The story of our relationship with the stars and their celestial cousins is long, involving, and full of surprises. The Fabric of the Heavens, by science historians Stephen Toulmin and June Goodfield, outlines thinking about astronomy and dynamics from qpre-theoreticalq Babylonian times to the Newtonian revolution that seeded our modern conceptions of space. Fully integrating the two cultures of science and the humanities, the authors find evidence of new thinking in Milton's writing and medieval tapestries as well as classic scientific and pre-scientific works. Using language that is beautiful, compelling and precise, they trace the threads of history which are woven into today's science (which, they predict, will find itself woven into something even more startlingly unrecognisable in years hence). Why were the ancients so fascinated by the sky and stars? Interestingly, it seems that their concerns were mostly practical; theological significance took longer to attach itself to the patterns up above. Agricultural and navigational concerns, once resolved, gave way to deeper philosophical, mythological and religious curiosity--which used the mathematical tools of its predecessors to great effect. The lives and works of Aristotle, Copernicus, Galileo and Newton are all thoroughly explored, and it is easier to see the continuity between them and their contemporaries in the breadth of this writing. First published in 1962, The Fabric of the Heavens was one of the first postmodern studies of the development of physical science; even were it not such a pleasure to read, it would still merit careful study.The story of our relationship with the stars and their celestial cousins is long, involving, and full of surprises.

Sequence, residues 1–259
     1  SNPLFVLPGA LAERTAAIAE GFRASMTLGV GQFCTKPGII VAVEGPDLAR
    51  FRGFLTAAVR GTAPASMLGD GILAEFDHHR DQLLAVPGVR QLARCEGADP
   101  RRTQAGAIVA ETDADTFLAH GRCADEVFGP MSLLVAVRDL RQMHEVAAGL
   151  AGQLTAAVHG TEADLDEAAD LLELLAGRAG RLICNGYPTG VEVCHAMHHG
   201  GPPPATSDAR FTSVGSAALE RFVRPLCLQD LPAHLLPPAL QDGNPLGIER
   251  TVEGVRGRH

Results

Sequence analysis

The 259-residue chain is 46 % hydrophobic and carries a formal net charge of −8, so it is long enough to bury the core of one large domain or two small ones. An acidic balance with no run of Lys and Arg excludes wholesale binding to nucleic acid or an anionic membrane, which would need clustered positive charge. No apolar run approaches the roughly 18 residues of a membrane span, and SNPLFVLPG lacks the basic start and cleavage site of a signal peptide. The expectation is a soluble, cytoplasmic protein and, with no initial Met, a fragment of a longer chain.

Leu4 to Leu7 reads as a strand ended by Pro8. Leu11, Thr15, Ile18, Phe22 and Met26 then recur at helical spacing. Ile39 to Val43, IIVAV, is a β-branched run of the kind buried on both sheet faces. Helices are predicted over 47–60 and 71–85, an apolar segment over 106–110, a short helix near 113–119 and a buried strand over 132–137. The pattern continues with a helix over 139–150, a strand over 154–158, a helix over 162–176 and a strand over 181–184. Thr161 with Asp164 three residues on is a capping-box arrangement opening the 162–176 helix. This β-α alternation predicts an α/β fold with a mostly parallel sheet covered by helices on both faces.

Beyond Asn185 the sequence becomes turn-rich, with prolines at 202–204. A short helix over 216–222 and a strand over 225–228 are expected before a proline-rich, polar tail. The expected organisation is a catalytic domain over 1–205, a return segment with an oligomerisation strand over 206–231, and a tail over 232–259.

|Title||:||The Fabric of the Heavens|
|Author||:||Stephen Toulmin, June Goodfield|
|Publisher||:||University of Chicago Press - 1999-11-01|